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M. de Beaumont is no aristocrat, but a warm friend to the American Government, and to popular institutions generally. Nevertheless, we have read no book which has represented American social life in such colours, or which is more calculated to deter persons of highly-cultivated faculties and lofty aspirations, from making that country their abode. A part of this disagreeable impression is, no doubt, a consequence of the melancholy colouring given by that deplorable feature in American life on which the interest of the fictitious narrative chiefly turns—the inhuman antipathy against the negro race. The heroine of the story of is a girl of colour—or at least is reputed such, for the brand of degradation attaches not to colour, but to pedigree. Undistinguishable by any outward mark from women of purely European descent—the daughter of a man of weight and consideration in the State to which he belongs—she grows up to womanhood in ignorance of the defect in her genealogy, and with the feelings of a highly-educated and sensitive girl. At this period, by the malice of an enemy, it is bruited abroad, that, two or three generations before, a drop of negro blood had mingled itself with that of one of her ancestors, and had been transmitted to her. The remainder of the story is occupied with the misery brought upon this unfortunate girl, upon her brave and high-spirited brother, her father, and her lover, by the effects of that direful prejudice, so lamentable that we hardly know how to call it detestable.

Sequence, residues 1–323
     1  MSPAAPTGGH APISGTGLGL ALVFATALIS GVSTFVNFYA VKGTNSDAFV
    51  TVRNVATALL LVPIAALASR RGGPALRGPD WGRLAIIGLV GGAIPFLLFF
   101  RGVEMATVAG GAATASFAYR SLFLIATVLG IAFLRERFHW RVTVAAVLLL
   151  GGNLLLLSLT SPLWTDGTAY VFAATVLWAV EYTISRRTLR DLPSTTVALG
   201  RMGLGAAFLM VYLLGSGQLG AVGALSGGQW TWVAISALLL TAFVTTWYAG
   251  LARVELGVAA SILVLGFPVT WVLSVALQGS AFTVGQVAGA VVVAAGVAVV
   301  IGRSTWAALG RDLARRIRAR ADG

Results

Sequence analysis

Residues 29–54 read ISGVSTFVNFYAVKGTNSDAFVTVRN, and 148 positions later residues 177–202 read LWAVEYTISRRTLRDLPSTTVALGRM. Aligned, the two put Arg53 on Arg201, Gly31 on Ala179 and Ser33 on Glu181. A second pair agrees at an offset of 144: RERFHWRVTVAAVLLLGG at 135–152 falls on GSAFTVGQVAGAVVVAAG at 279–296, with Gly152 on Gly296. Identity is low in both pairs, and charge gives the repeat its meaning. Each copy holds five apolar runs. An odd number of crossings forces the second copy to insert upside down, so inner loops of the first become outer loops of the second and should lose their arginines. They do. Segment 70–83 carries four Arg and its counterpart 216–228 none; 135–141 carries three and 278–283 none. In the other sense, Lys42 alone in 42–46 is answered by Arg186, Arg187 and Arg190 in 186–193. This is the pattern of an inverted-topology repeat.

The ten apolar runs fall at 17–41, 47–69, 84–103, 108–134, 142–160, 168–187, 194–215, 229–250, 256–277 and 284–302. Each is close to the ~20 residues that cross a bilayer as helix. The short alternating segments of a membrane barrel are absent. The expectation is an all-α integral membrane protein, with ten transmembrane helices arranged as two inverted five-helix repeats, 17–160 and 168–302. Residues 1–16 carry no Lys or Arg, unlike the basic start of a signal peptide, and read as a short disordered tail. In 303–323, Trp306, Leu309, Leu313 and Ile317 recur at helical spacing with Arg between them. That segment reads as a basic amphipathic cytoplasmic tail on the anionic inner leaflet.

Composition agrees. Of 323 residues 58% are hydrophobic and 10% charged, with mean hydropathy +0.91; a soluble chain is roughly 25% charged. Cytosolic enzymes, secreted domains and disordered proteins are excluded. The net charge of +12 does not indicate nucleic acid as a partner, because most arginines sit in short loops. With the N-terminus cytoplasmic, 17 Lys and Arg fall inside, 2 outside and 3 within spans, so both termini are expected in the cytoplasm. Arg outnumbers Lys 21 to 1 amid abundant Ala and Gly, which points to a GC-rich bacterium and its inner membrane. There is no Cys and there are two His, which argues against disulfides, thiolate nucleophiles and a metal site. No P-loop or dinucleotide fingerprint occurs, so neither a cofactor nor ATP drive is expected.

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On the influence of Democracy upon the cultivation of science and art, the opinions of M. de Tocqueville are highly worthy of attention. There are many who, partly from theoretic considerations, and partly from the marked absence in America of original efforts in literature, philosophy, or the fine arts, incline to believe that modern democracy is fatal to them, and that wherever its spirit spreads they will take flight. M. de Tocqueville is not of this opinion. The example of America, as he observes, is not to the purpose, because America is, intellectually speaking, a province of England: a province in which the great occupation of the inhabitants is making money, because for that they have peculiar facilities, and are therefore, like the people of Manchester or Birmingham, for the most part contented to receive the higher branches of knowledge ready-made from the capital. In a democratic nation, which is also free, and generally educated, our author is far from thinking that there will be no public to relish or remunerate the works of science and genius. Although there will be great shifting of fortunes, and no hereditary body of wealthy persons sufficient to form a class, there will be, he thinks, from the general activity and the absence of artificial barriers, combined with the inequality of human intelligence, a far greater number of rich individuals () than in an aristocratic society. There will be, therefore, though not so complete a leisure, yet a leisure extending perhaps to more persons; while from the closer contact and greater mutual intercourse between classes, the love of intellectual pleasures and occupations will spread downward very widely among those who have not the same advantages of leisure. Moreover, and knowledge being in a democratic society the only means of rapid improvement in fortune, they will be, in the abstract at least, by no means undervalued; whatever measure of them any person is capable of appreciating, he will also be desirous of possessing. Instead, therefore, of any neglect of science and literature, the eager ambition which is universal in such a state of society takes that direction as well as others, and the number of those who cultivate these pursuits becomes “immense.”

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